It’s become clear that our planet is suffering from the overuse of single-use plastics. If you want to do better to save sea turtles and the rest of the animal kingdom, here are several ways to practice sustainable living by ditching plastic — beyond metal straws and reusable shopping bags.

5 Sustainable Living Practices to Eliminate Plastic

Plastic has infiltrated nearly every part of our lives — from the food we buy, to the furniture in our homes, to the clothes we wear. To ditch plastic for good will require you to change the way you buy and consume products by thinking about what you already have, using items as much as possible before discarding them, and carefully considering the impact of your purchases.

Let’s take a look at five sustainable living practices that can help you reduce your plastic consumption.

#1 Buy in Bulk

One way to immediately reduce your use of plastic is to refuse to buy it. Try to only buy items without plastic packaging, or purchase in bulk to reduce the amount of packaging used. More and more grocery stores have bulk options which may or may not use plastic for packaging. Many stores even have bulk sections which allow you to bring in your own containers to refill things like rice, dry beans, nuts, and spices.

If you must purchase packaged goods, choosing items in reusable or recyclable packaging is better than plastic. For example, glass jars for sauces or jams can be reused as food storage containers. Even paper bags around chips or produce are biodegradable or recyclable and preferable to single-use plastic produce bags. 

#2 Reuse Responsibly

Using and reusing containers made from renewable sources is another great way to ditch plastic and practice sustainable living. Instead of buying plastic tupperware, opt for something made sustainably which will not only last longer than plastic, but offer better protection for your food. 

Although the goal when making the swap to reusable containers is to use renewable materials like stainless steel or glass tupperware or metal straws, don’t just dump your plastic items in the trash. An important tenet of sustainable living is to use what you already have as long as you can, rather than going out to buy new. Then, when it’s reached the end of its life, recycle what you can before disposing.

#3 Support Anti-Plastic Companies

A great way to use the power of sustainable living for good is to support anti-plastic organizations and companies that make eco-friendly, plastic-free products. These can include: furniture that uses renewable sources over plastic, sustainable building materials, and even simple home goods like clothespins and toothbrushes. 

Keep in mind that marketing for many products can be confusing. Sometimes products that are advertised as “green” or “vegan” may not be better for the environment because they’re made using synthetic, plastic materials, rather than renewable, long-lasting ones.

#4 Choose Products Carefully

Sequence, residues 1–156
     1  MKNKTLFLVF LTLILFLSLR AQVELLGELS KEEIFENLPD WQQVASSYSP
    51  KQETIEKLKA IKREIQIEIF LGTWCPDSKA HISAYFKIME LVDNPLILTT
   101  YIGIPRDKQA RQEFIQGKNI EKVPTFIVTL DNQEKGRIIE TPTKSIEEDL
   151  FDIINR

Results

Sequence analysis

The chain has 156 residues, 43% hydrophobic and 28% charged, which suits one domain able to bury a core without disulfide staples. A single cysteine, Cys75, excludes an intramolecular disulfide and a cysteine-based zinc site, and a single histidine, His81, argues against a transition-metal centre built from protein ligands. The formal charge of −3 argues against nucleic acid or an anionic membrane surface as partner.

Another common place to find plastics is the cosmetics industry. Toothpastes, face washes, and makeup products all can contain microplastics which can’t be filtered out from the water supply, and end up in our natural environment where they pollute oceans and harm wildlife. 

If you use a face wash that has “exfoliating beads” or any of your favorite cosmetic products contain polyethylene or polypropylene as ingredients, that means they’re made with plastic. By switching to an alternative, plastic-free product, you can practice sustainable living and prevent microplastics from polluting the environment.

#5 Practice Slow Fashion

A huge, overlooked offender to plastic pollution is the fashion industry. Clothes made with synthetic fabrics are cheap and ubiquitous. Fabrics made with plastic contribute to greenhouse gas emissions and don’t biodegrade (at least not within 500 years). Worse still, they’re not made to last, so you end up needing to replace them after a few wears when they no longer fit the same as when they were purchased. 

We can do better. A great way to eliminate plastics you consume through clothing is to support slow fashion — a movement that seeks to slow down the cycle of purchasing and discarding clothing by investing in durable, sustainable materials.

Shopping for second-hand items at thrift stores or hosting a clothing swap party with friends are great ways to get more life out of used clothes — and it doesn’t have to feel drab. There are plenty of high-end clothes that get discarded after a few uses. 

If you do shop, look for well-made items that will last a long time, can be easily washed, re-worn, and repaired if necessary. It’s far better to spend a little more on a piece you can wear forever than constantly purchase cheap plastic clothing that won’t last. Clothing made of natural fabrics will be more durable, so choose cotton, wool, and linen over polyester, nylon, or acrylic.

Sustainable living takes work, and taking the time to examine where you use and can eliminate plastic in your life is a huge part of that work. Start small and start today, and before you know it, you’ll be on your way to a healthier, more sustainable life.

If sustainable living is important to you, you’d feel right at home at Couch Mountain. Here, our homes are built using environmentally conscious practices. Our community celebrates a shared appreciation for the planet and each other. Reach out to our team to learn more about our sustainable mountain community.

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